It’s been 3 days since the devastating storm that has now paralyzed most of the southern islands of the Philippines. Although technically we felt the typhoon in the Metro Manila area it was tame by comparison. Even though satellite images appear to cover the entire Philippine archipelago, the only significant weather I remember was sporadic rain and a few gusts of wind. The past few days have been surreal considering the southeastern islands’ damage reports coming in are catastrophic. It’s been hard acknowledging the damage in Samar, Tacloban, and Leyte knowing the distance from Manila to these regions is comparable to the drive from my house to Holy Cross.
I feel like not many people know about these islands and places in the news: Samar, Tacloban, and Leyte. This island chain in the Visayas primarily speaks Waray, a Visayan (central and southern island) language. While most Filipinos speak Tagalog and English, many who originally come from the provinces speak an alternate language. In the southern islands, the two predominate languages are Cebuano and Illongo. This region also was very famous for decisive World War II battles including the Battle of Leyte Gulf, which saw the US Navy sinking the Imperial Japanese Navy’s biggest battleship ever constructed. This battle contributed to the legend of US Naval legends like William ‘Bull’ Halsey and even more so to Army General Douglas MacArthur who in an iconic photo stepped foot on Leyte fulfilling his promise to return to the Filipinos and Americans who had been overrun by the Japanese three years prior. Thus, the region is still very much ingrained in the consciousness of many people.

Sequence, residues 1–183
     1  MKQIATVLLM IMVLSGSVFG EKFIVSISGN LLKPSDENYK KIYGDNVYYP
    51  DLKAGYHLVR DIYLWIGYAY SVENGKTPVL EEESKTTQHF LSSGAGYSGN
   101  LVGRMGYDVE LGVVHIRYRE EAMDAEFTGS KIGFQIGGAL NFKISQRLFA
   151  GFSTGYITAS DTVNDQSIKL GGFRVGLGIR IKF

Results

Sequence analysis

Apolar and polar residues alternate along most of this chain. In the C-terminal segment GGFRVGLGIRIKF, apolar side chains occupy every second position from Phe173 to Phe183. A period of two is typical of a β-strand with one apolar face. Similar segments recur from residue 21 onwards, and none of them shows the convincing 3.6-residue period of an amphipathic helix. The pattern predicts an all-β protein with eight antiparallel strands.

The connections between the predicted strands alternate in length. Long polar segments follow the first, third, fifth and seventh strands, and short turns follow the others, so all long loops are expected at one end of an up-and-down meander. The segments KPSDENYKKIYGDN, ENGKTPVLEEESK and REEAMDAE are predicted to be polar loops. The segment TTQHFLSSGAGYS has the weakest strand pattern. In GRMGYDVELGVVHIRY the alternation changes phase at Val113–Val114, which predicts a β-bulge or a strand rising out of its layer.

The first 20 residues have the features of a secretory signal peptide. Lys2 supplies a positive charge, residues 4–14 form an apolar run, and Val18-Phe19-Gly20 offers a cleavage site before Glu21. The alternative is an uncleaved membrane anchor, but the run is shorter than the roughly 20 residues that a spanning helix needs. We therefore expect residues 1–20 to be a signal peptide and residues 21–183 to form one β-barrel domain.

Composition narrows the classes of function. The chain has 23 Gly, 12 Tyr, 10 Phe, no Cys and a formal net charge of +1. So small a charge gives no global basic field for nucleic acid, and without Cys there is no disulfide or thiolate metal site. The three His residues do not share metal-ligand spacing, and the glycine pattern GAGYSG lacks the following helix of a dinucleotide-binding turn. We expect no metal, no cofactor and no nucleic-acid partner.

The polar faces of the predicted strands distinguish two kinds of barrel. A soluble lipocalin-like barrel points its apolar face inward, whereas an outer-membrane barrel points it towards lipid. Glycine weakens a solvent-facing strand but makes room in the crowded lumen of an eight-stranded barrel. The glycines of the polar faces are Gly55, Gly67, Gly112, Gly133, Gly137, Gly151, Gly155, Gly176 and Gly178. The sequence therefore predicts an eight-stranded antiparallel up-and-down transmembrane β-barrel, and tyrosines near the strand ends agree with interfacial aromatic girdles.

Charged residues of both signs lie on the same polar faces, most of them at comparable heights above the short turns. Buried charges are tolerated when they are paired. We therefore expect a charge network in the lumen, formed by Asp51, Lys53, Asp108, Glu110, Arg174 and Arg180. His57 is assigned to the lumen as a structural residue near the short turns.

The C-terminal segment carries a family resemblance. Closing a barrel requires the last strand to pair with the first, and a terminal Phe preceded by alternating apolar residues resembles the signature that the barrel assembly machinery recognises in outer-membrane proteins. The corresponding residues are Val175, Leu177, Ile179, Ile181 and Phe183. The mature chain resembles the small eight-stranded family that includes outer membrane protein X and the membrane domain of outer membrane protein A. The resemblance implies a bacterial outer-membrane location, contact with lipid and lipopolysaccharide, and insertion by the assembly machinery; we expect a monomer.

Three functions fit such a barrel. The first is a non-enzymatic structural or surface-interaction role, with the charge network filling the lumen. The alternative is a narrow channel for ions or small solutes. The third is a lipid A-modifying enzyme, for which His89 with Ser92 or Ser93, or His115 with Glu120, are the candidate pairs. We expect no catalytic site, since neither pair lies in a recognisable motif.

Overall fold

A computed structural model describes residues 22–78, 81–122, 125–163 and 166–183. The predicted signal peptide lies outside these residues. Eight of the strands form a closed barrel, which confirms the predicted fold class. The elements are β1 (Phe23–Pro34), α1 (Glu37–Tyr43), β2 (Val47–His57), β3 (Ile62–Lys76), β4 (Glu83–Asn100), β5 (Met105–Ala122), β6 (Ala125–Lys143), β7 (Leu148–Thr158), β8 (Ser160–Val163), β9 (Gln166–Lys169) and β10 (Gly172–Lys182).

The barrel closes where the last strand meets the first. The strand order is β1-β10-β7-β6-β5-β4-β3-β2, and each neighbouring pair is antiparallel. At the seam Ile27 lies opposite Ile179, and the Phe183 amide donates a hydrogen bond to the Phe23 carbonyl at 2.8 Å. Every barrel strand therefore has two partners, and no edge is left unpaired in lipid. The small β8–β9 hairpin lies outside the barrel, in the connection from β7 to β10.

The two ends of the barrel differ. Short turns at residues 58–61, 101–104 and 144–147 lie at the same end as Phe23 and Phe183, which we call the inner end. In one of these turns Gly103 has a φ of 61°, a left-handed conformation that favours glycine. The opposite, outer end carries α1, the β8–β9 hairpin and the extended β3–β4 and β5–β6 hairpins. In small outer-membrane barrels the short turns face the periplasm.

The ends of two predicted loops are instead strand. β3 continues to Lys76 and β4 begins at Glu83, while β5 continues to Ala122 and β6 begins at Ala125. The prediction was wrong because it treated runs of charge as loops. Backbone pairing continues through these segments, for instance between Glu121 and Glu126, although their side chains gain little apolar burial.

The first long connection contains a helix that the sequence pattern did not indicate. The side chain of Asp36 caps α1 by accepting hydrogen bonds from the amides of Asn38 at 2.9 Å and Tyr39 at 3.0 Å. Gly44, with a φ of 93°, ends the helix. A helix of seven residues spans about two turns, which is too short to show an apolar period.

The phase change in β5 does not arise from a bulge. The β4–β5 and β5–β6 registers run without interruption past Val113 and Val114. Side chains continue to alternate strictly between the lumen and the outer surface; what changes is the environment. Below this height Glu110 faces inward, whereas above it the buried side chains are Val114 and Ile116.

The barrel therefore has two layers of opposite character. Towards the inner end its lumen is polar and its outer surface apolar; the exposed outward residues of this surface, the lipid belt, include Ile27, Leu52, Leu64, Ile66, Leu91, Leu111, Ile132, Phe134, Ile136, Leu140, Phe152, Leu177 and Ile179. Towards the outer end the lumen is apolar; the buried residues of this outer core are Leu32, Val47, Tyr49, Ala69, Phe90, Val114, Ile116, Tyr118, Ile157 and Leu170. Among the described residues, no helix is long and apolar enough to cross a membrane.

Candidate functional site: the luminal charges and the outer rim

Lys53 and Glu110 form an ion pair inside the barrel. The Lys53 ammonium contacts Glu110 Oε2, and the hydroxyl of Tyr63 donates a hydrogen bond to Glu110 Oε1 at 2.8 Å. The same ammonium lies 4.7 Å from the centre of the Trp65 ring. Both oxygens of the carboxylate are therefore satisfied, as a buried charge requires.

Although I haven’t been to these areas, I know of them through second hand experience. During my internship with the Embassy last summer I was tasked with escorting the US Pacific Fleet Band to their performance venues in Manila. A week prior to their visit to Manila, they steamed into Samar and played a concert that was so pleasing to the 7,000 residents that the mayor of Samar declared them citizens for life and asked that they live out their days on the island. After seeing some of the videos of these performances on YouTube, I was really inspired by their enthusiasm for music.
The devastation has been horrific, but I have seen so many Filipinos ready and eager to help. Volunteers are making aid packages across the country in offices of the Department of Social Works and the volume of donations to the Red Cross and other organizations has been widespread. The Filipinos embody this spirit of pitching in through ‘Kababayan,’ which literally translates to countryman, treating other Filipinos with love and kindness and trying to help them back on their feet. This spirit of ‘Kababayan’ is mutually felt across the world through Filipino immigrants all pitching in to help out the typhoon stricken regions.
After seeing several natural disasters including one earthquake and four typhoons, I don’t know how to describe the spirit of the Filipino people through adversity. The closest thing I could come up with is their spirit is like a yo-yo, a Filipino invention. While natural forces work to push them down, they are resilient and stick together like glue in order to work against whatever tries to keep them down through a collective willingness to improve their quality of life.
Paul Fontelo '13